“If you want something done right, do it yourself.”
You’ve no doubt heard that saying before, but when it comes to language services, it’s a recipe for disaster. Savvy businesses know the value of outsourcing complex tasks that are outside their core competencies. In most cases, language services like translation and localisation are best handled by a team of experts. These projects are complicated. Doing them right gobbles precious time and resources.
Meanwhile, taking shortcuts often leads to costly errors. (We’re looking at you, Google Translate!)
However, if you outsource to a language services provider, you don’t have to worry about any of it. Instead, meet your new best friend: your project manager. LSP project managers work with a team of freelance translators to make sure that your localisation projects are successful. Here’s how they do it.
Translation Projects Started Right
The project manager’s work begins long before a single word is translated. It’s their job to review the project requirements and create a project timeline. They also prepare clear, easy-to-follow instructions for the other professionals who will be working on the project, and they get all the relevant files ready to send off.
A good translation project manager knows the ins and outs of your industry (or is willing to learn), so they can offer you relevant advice and the best possible service. We often talk and research about the customer’s customer as it’s important to understand the context in the world of translation.
There’s a reason we advise against buttonholing a bilingual employee or friend and asking them to translate something important. Not everyone who can speak two languages can be a good translator. Translation requires native-level proficiency in the target language, fluency in the source language, and training in the art of translation. Plus, some projects require additional knowledge and experience. For example, industry-specific terms are often puzzling to laypeople.
A project manager can source freelance translators for all desired target languages, ensuring that they have the experience and qualifications necessary for the job.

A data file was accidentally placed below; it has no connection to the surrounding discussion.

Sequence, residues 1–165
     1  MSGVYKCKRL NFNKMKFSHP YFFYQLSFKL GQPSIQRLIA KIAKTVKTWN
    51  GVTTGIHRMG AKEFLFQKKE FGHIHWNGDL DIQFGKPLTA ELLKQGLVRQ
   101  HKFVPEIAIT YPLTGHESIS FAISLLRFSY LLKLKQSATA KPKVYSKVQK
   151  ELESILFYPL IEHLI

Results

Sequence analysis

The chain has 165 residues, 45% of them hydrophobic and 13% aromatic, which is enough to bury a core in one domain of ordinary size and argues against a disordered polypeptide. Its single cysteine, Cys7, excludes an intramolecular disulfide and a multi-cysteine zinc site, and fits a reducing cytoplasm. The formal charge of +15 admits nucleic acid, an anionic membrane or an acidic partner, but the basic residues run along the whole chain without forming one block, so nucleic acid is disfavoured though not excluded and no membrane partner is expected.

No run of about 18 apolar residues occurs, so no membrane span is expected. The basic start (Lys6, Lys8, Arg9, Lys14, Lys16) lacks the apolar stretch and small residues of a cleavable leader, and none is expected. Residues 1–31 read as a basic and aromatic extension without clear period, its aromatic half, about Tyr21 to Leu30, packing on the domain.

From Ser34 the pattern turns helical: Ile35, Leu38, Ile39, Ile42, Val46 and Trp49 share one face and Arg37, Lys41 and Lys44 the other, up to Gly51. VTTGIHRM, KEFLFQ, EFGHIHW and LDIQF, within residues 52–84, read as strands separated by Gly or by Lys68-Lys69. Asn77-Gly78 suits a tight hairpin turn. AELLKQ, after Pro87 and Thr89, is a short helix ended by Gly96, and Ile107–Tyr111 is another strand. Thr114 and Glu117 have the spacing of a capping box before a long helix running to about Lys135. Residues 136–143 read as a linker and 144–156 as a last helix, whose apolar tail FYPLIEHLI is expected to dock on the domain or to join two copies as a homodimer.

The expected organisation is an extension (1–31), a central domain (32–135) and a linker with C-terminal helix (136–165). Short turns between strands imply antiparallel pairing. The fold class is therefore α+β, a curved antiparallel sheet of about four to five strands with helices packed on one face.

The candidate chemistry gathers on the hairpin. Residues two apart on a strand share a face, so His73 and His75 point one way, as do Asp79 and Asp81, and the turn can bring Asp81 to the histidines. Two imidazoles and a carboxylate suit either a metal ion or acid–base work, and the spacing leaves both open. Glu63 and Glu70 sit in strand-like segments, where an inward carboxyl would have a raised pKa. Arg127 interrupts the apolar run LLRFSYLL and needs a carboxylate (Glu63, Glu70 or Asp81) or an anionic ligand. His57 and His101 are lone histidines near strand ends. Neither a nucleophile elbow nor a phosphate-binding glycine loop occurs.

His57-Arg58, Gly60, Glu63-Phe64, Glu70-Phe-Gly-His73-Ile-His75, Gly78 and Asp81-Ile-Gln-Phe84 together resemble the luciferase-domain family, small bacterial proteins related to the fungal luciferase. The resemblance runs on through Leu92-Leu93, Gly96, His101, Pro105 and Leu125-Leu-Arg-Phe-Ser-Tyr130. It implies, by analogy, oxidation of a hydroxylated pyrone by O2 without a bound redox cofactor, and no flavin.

Single Point of Contact
Translation and localisation projects are a team effort, and often, that team is large and scattered over many different time zones. There are freelance translators, editors and proofreaders. Depending on the type of project, other professionals may need to be involved, too. For example, you may need graphic design help to ensure the final product looks just as good in the target language as it did in the original. For audio content, you’ll need multilingual voiceover artists to read the translated script.
Project managers act as a liaison between clients, freelancers, and all of the other professionals involved in the project. They coordinate everything, from the initial translation to the proofreading to the quality control process.
In most cases, this is not a simple matter of substituting one word for another. Languages vary when it comes to word order, grammar, and vocabulary. The translator’s job is to understand the source text and reproduce it in the target language, coming as close as possible to the original in meaning, style and tone. For marketing and advertising, transcreation is often the best option. The original text may need to be recreated from the ground up to take cultural variations into account so that the result has the same impact on the target audience that it did in the original language.
If the translators have questions or need clarification, they’ll come to the project manager for help.
Review, Proofreading and Editing
A project manager’s job doesn’t stop after the initial translation. Even the best translators make mistakes, so quality control is essential. The project manager will coordinate the editing and proofreading process. If an in-house review is necessary, they’ll coordinate that with your team members, too.
Glossaries and Translation Memories
With so many people working on different aspects of the project, you’d think it would be difficult to keep a consistent style for translated content. No worries, your project manager can build and maintain a style guide and a glossary to keep freelance translators on track. Project managers are also responsible for maintaining translation memories so that you never have to pay twice to translate the same words or phrases.
Once every “i” is dotted and every “t” is crossed, the project manager delivers the complete project to the client for approval and feedback. If you’ve chosen an LSP with a great project management team, you can expect your experience to keep getting better the longer you work together.
At K International, we have a fantastic team of project managers with the skills and industry experience to make your next project a success. Put them together with our international team of qualified, vetted linguists, and you have a winning combination. Want to learn more? Take a look at our language services and contact us with your next project. We’d love to hear from you!